The Purple Leash Project

A few days ago, I was flipping through a magazine and saw a full-page advertisement for something called, The Purple Leash Project.  What caught my attention was the statement in the ad:  “48% of Domestic Violence Victims Don’t Leave Because They Can’t Bring Their Pets.”

I was shocked and nearly brought to tears.  Shocked because I had no idea that sodomestic violence

many domestic violence victims were facing having to leave their pets behind if they left.  And brought to tears because this hits home with me.  I left a long-term relationship when I was in my 20’s and had to leave my beagle, Daisy, behind.  I was unable to find an apartment I could afford that would allow me to have her, and I had no other options.

I was heartbroken and remain heartbroken to this day.  Honestly, leaving that little dog was way more painful for me than leaving the man who wasn’t physically violent, but had spent years mistreating me.  I still feel guilty about it, and that was more than 30 years ago.

What is The Purple Leash Project?

The project is best described on Purina’s website: “The Purple Leash Project was born out of the Purina mission to bring and keep pets and people together and the RedRover® mission to bring animals and their owners from crisis to care…We envision a world where no one is trapped in abuse because they can’t take their whole family with them.”  Click here to watch their video.

They’re doing this by awarding grants to help domestic violence shelters to accept pets.  They use volunteers to help with the process and join with others to offer ongoing support for survivors with pets.  For much more information, visit Purina’s website HERE, or RedRover’s website HERE.

The Purple Leash ProjectDomestic Violence Statistics

Domestic violence statistics show an estimated 1 in 3 women and 1 in 4 men will experience some sort of domestic abuse in their lifetime.  Only 15 percent of domestic violence shelters accept pets.  I was also shocked to learn that more than 70 percent of women in domestic violence shelters say that their abuser injured, threatened or killed a pet as a means of control.  So not only are victims not leaving a violent situation for their own well-being, but for the safety of their pets as well.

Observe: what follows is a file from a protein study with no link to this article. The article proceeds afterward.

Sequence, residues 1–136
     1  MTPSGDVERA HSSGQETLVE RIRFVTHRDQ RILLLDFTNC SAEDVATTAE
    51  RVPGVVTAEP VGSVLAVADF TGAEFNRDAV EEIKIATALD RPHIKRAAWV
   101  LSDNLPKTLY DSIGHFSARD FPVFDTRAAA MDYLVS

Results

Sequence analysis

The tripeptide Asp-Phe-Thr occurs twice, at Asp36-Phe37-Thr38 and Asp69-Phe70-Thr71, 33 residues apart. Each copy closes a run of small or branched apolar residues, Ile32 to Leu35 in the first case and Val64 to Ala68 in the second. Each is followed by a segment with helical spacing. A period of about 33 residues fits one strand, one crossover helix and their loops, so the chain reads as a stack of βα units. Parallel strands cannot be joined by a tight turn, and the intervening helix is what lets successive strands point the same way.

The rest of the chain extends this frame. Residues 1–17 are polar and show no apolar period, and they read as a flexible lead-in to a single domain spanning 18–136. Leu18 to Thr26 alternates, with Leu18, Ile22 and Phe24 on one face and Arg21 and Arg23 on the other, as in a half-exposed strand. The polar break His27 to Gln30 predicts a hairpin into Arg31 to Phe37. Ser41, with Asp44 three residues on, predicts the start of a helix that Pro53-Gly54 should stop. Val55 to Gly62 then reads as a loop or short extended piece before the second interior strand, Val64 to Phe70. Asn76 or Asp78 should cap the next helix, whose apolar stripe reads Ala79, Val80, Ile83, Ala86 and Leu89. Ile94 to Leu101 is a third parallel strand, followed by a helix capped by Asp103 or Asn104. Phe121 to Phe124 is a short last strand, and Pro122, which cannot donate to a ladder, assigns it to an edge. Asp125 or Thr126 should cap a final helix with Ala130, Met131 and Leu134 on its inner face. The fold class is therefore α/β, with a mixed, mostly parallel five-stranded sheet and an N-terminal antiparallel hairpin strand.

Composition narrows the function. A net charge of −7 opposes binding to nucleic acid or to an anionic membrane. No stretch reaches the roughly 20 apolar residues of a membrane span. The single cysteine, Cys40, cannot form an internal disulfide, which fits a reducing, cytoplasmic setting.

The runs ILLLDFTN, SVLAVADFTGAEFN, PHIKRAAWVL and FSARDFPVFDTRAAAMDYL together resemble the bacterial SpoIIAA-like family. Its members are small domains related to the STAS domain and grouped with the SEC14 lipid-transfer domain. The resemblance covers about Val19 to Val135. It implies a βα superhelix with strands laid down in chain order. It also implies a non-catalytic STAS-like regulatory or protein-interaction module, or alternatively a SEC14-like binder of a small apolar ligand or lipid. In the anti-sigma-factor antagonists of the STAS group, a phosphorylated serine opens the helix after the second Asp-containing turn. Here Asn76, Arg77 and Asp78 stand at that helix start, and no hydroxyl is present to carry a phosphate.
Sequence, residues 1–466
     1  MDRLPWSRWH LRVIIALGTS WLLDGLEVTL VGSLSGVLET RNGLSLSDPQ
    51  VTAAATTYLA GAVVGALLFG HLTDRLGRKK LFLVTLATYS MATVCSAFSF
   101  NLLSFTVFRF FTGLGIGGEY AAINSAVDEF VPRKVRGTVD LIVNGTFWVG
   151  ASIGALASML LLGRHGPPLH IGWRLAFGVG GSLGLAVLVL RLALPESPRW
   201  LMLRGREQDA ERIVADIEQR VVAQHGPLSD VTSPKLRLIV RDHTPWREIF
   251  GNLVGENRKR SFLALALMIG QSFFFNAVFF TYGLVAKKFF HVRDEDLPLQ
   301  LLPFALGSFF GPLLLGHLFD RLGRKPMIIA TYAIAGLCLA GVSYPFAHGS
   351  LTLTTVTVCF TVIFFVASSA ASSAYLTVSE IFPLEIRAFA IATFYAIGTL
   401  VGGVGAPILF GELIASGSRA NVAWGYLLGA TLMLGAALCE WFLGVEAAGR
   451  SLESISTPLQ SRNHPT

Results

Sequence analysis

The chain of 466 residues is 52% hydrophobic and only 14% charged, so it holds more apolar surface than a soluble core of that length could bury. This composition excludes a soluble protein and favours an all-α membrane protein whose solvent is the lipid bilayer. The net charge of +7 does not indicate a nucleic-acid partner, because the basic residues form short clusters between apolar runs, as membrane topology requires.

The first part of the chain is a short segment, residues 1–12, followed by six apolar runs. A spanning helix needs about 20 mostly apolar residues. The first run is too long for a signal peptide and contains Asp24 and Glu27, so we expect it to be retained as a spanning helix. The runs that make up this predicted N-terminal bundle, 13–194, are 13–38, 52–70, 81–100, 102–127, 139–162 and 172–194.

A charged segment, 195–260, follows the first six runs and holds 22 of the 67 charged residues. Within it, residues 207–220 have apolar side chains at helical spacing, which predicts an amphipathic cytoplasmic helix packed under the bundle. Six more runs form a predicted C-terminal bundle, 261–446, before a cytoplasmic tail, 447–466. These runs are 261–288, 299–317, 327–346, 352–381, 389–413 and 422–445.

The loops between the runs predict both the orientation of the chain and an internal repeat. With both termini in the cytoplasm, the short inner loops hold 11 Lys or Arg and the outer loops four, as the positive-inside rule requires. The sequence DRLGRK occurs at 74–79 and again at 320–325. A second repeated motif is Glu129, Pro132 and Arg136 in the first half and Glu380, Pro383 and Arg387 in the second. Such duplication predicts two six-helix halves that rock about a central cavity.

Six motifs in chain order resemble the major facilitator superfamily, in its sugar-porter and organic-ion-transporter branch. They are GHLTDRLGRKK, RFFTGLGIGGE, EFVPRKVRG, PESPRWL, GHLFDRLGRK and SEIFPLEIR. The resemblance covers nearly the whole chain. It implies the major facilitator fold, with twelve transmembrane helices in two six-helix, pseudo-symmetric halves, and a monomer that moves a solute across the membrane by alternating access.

Pet-Friendly Domestic Violence Shelters

Today, 48 out of 50 states have at least one pet-friendly domestic violence shelter, but that’s far too few.  The goal of The Purple Leash Project is to have 25 percent of domestic violence shelters pet-friendly by the year 2025.  Purina has already donated over $1 Million to support the project.

The Purple Leash ProjectThe Purple Leash Symbol

Purple represents domestic violence awareness, and the leash/collar represent the unbreakable bond between people and their pets.  (I love how they have the purple leash for dogs, and that cute purple collar for cats!)

How to Donate to The Purple Leash Project

Making a donation will help the Purple Leash Project to assist domestic violence shelters to make the necessary renovations and changes to become pet friendly.  If you commit to a donation of $5 monthly, or make a one-time donation of $60 or more, you’ll receive a purple leash or cat collar as a thank you for your support.

The Purple Leash Project

Other Ways You Can Help

Share. You can help spread the word about this project by sharing this pdf with your friends and family and on social media.

Volunteer. Volunteers play an important part in RedRover’s work to shelter pets during emergency situations and prevent pet abuse through education.

Get help.  If you or someone you know is in an abusive situation and needs domestic violence help, call the Domestic Violence Hotline 24/7 at 1-800-7233 (SAFE).

Visit SafePlaceForPets.Org to find pet-friendly domestic violence shelters for yourself or the person you’re helping.

Perhaps you could offer to foster a pet until the person gets back on their feet or ask a family member or friend to foster your pet if you are the victim.

The Purple Leash ProjectPlease Help if You Can

People who are being forced to leave their home in order to escape domestic violence are already going through so much stress, turmoil and pain.  Their pets can provide companionship, security and unconditional love during this painful transition.  For many victims, leaving a pet behind is the same as leaving a family member behind (that’s my Daisy in the pic).  Please do what you can to support this project’s mission to help people and their pets escape domestic abuse together.

peoplelovinganimals.comI Donate to Animal Charities

Thank you for visiting my website.  I donate 10% of my earnings to animal charities.  You can see a list of the charities I donate to here.  If you like this website, please share it with your friends and family who have pets.  Thank you!  Debra

For More About Pet Care, CLICK HERE

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